15 Further, Covid-19 has made many areas of blockchain application relevant, where already, in 2018-2019, there were active developments and successful implementation experiments. First of all, this is work with any kind of supply chain - distributed registry as a technology for tracking the movement of goods from the manufacturer to the store. Blockchain allows for unified accountability and, in the case, for example, of a product that has caused food poisoning, to quickly trace its source and remove the entire shipment from sale (Sharma et al., 2020; Tönnissen et al., 2020).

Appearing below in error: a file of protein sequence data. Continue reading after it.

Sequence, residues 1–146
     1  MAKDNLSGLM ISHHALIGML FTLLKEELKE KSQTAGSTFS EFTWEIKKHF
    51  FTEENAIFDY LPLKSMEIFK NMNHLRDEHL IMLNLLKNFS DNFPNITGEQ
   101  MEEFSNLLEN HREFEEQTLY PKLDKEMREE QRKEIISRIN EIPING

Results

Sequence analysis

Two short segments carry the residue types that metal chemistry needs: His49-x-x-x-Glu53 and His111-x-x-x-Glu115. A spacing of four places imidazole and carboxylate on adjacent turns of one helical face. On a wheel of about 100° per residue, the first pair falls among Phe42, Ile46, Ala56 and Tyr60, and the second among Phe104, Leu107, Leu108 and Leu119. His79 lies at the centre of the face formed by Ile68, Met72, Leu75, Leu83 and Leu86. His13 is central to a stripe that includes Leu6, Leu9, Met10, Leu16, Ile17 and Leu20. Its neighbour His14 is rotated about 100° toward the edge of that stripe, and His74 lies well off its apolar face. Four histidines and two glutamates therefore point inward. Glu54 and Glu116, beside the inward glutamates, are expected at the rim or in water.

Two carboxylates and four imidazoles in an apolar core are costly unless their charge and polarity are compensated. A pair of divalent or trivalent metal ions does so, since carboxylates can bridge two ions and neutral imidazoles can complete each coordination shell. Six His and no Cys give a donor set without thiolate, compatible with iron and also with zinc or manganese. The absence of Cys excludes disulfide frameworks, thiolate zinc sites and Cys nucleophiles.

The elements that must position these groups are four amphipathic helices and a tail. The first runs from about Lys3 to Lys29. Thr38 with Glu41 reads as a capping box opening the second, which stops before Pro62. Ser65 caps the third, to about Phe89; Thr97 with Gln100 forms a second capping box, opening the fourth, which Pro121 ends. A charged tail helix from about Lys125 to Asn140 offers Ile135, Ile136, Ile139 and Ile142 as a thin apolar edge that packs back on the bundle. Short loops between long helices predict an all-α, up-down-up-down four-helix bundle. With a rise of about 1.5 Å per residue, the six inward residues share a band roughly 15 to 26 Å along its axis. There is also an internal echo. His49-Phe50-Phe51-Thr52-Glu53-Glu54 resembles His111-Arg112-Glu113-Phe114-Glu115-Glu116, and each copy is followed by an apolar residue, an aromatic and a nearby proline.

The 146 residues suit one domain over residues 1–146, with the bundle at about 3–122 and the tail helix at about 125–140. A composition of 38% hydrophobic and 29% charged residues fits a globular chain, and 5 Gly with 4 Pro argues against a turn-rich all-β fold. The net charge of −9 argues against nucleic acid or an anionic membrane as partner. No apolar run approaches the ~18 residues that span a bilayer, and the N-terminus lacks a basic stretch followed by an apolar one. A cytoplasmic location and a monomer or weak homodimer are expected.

16 However, the pandemic has highlighted an even more pressing problem: private companies, and especially the state, have demanded and seized huge amounts of personal data, including health data. This is not surprising - people's health and its monitoring became a matter of state security. However, a side effect of this process is that people have lost control over what happens to information about their bodies, where it is stored, and how it is used. The data gets stored in closed databases of insurance and pharmaceutical companies, Internet giants and IT companies (manufacturers of wearable devices), clinics and ministries of health, where it is often defenseless against attacks by hackers (Cimpanu, 2019). In other words, the pandemic has reinforced the need to simultaneously coordinate between very different and often conflicting organizations (and preferably on a cross-border, global scale - to coordinate the fight against the coronavirus) and protect the data privacy of millions of individuals. Blockchain technology, which simultaneously makes data immutable, unified and decentralized, has proven to resolve this paradox.